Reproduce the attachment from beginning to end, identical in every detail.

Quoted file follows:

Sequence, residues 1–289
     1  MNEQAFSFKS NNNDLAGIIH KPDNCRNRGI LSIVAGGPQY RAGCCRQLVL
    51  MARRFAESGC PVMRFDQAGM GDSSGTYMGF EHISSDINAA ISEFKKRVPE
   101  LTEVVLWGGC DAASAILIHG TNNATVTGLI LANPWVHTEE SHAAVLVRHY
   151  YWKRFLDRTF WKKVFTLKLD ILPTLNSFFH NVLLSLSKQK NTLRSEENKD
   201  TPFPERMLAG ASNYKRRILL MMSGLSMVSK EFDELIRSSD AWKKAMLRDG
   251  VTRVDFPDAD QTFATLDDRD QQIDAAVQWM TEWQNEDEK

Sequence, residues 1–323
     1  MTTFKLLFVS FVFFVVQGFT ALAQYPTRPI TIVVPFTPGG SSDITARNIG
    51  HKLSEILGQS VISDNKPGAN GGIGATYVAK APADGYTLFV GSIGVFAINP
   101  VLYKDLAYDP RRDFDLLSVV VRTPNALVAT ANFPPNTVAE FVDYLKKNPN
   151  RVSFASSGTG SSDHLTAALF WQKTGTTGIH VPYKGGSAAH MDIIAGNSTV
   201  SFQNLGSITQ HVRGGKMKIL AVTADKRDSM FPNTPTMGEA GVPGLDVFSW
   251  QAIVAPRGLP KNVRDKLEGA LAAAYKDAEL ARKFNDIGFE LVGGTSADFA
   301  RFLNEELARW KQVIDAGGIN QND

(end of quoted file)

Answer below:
Sequence, residues 1–289
     1  MNEQAFSFKS NNNDLAGIIH KPDNCRNRGI LSIVAGGPQY RAGCCRQLVL
    51  MARRFAESGC PVMRFDQAGM GDSSGTYMGF EHISSDINAA ISEFKKRVPE
   101  LTEVVLWGGC DAASAILIHG TNNATVTGLI LANPWVHTEE SHAAVLVRHY
   151  YWKRFLDRTF WKKVFTLKLD ILPTLNSFFH NVLLSLSKQK NTLRSEENKD
   201  TPFPERMLAG ASNYKRRILL MMSGLSMVSK EFDELIRSSD AWKKAMLRDG
   251  VTRVDFPDAD QTFATLDDRD QQIDAAVQWM TEWQNEDEK

Sequence, residues 1–323
     1  MTTFKLLFVS FVFFVVQGFT ALAQYPTRPI TIVVPFTPGG SSDITARNIG
    51  HKLSEILGQS VISDNKPGAN GGIGATYVAK APADGYTLFV GSIGVFAINP
   101  VLYKDLAYDP RRDFDLLSVV VRTPNALVAT ANFPPNTVAE FVDYLKKNPN
   151  RVSFASSGTG SSDHLTAALF WQKTGTTGIH VPYKGGSAAH MDIIAGNSTV
   201  SFQNLGSITQ HVRGGKMKIL AVTADKRDSM FPNTPTMGEA GVPGLDVFSW
   251  QAIVAPRGLP KNVRDKLEGA LAAAYKDAEL ARKFNDIGFE LVGGTSADFA
   301  RFLNEELARW KQVIDAGGIN QND